On Sourdough (Starters) and COVID-19 - The Social Connection

Sourdough is gaining in popularity these days on so many different fronts. During the COVID-19 outbreak period people started hording items like disinfecting liquids, masks and toilet paper. And pretty soon another more unexpected item became a rarity - commercial yeast.


As everyone settled into their homes during shut-downs, trying to figure out what to do with all the extra time they had on their hands, it became pretty clear from the empty shelves in the stores' baking aisles that people had developed a need to bake, with many trying their hand at baking bread to stave off the COVID-19 blues. It was after they discovered that the yeast packets in their cup boards had long expired that they also discovered a shortage of commercial yeast in their local stores.


My heart went out to these want-to-be bread bakers who, if they were lucky enough to find an unexpired yeast packet, probably ended up using it to make one single loaf of bread because they were utterly unaware of the fact that a 2¼ tsp yeast packets could actually provide them with rising power for 9 loaves (I kid you not!) if they only reduced the yeast amount to 1/4 tsp and added just one more ingredient to the recipe (see Jim Lahey's No-Knead bread recipe). An ingredient which could now be found in abundance during this period of shutdowns and shelter-in- place: TIME.


I wanted to share this exciting news with my local community, along with the lesser known possibility of using a sourdough starter instead of commercial yeast, and so I did what I knew must be done: post this valuable information to the local neighborhood FaceBook page along with the offer to share my 1847 Carl Griffith Oregon Trail Sourdough starter for FREE. I wanted to do my part in helping my local community to become (commercial) yeast independent. The response to my offer was unexpected and the start of a local social sourdough connection network. I had to create a spreadsheet to keep track of the many requests I received and a google map to help me visually track the location of my sourdough "offspring". I received pledges of the sourdough newbies to carry on the mission of BREAD Encounters after COVID-19 "to engage the community to bake bread for those in need".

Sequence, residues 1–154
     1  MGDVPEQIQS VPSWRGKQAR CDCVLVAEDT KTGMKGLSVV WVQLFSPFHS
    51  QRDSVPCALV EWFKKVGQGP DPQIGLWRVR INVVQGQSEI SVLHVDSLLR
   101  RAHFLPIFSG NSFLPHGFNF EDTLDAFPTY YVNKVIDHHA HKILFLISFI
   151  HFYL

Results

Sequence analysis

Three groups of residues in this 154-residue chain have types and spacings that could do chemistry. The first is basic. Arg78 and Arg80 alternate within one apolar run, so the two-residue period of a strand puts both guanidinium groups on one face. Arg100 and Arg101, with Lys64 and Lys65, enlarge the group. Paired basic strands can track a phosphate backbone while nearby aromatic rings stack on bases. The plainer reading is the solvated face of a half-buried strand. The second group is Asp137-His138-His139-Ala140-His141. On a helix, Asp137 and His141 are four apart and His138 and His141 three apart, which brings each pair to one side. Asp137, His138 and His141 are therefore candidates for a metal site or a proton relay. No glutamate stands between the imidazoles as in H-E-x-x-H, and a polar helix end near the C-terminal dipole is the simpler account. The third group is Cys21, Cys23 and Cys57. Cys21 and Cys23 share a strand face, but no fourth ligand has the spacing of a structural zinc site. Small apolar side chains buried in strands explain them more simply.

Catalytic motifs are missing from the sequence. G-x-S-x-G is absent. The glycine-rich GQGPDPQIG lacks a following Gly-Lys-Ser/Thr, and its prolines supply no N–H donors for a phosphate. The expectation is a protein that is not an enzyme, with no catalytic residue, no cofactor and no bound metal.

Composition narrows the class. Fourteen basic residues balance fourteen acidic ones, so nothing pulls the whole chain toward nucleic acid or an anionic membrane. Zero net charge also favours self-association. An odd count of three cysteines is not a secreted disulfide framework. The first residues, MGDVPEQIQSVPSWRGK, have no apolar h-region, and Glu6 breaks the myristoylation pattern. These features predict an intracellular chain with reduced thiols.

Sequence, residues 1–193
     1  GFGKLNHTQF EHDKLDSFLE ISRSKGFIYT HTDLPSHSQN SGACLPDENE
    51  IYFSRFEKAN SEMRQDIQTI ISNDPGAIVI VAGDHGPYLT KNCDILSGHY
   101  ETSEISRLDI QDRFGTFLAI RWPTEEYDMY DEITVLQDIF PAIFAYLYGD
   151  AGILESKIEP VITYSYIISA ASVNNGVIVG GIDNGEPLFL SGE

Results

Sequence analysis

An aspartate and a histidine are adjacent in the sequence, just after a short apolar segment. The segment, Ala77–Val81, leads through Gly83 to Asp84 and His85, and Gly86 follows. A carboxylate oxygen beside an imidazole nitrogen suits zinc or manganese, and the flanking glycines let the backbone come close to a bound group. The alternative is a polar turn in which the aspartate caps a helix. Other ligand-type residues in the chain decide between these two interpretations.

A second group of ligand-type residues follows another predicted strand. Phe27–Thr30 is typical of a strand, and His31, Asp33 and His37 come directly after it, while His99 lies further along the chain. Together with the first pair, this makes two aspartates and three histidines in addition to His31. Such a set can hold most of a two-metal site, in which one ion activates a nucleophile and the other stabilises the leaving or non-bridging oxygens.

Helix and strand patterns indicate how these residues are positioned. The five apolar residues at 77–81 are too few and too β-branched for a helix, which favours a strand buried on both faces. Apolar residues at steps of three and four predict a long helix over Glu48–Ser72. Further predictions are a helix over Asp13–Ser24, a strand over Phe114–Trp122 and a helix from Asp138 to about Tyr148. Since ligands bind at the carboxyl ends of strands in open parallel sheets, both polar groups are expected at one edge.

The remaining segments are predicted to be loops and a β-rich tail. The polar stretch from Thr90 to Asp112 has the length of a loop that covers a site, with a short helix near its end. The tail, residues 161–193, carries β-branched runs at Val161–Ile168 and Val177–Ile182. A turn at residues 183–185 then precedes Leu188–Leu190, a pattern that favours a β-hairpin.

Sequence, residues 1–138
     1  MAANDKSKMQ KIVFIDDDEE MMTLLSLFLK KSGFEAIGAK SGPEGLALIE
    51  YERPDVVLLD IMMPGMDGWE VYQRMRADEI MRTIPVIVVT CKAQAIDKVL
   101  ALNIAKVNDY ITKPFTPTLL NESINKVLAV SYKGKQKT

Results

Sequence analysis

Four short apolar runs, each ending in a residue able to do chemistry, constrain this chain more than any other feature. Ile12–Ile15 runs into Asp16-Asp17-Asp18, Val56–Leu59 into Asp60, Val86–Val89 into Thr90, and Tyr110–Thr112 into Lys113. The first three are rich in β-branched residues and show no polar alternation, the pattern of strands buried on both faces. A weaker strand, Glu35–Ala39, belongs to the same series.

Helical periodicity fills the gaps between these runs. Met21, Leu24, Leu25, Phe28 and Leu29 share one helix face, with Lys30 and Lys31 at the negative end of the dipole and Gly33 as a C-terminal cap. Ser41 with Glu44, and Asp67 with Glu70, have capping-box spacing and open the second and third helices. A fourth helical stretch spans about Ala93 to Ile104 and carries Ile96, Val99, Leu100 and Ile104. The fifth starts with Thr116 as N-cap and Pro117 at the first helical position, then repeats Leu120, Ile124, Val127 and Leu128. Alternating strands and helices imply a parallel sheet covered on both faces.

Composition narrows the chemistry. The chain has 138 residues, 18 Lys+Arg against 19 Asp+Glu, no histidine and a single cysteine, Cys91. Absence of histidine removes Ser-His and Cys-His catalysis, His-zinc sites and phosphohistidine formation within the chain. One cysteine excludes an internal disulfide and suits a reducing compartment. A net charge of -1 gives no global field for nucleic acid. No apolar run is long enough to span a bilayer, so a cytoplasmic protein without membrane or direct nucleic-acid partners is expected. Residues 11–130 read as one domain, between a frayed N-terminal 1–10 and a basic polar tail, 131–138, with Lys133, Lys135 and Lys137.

COVID-19 has provided me with new opportunities to make social connections I had never even dreamed of before; not only by sharing my starter but also by bartering sourdough bread for fresh fruits and vegetables. I have no shame placing post-it notes on neighbors' doors with the promise of fresh sourdough bread in exchange for whatever garden fresh produce they have to offer. Again, creating new social connections rooted in sourdough.


As you can see I am very passionate about baking (sourdough) bread and have shared my love for baking bread with many over the years, by giving free workshops to friends, coworkers, neighbors and the women's organization of my church. I have baked with kids in an after-school program as well as young cub scouts. I have also spent much time contemplating the positive effects of bread on humans and ways to use that positive effect in negative circumstances. To that end I found a kindred spirit in cultural anthropologist Dr. Nadezdha Savova-Grigorova, the Founder and President of Breadhouses Network, whom I was looking forward to meeting this June in Sofia, Bulgaria until COVID-19 caused us to scrap those plans. If only temporarily.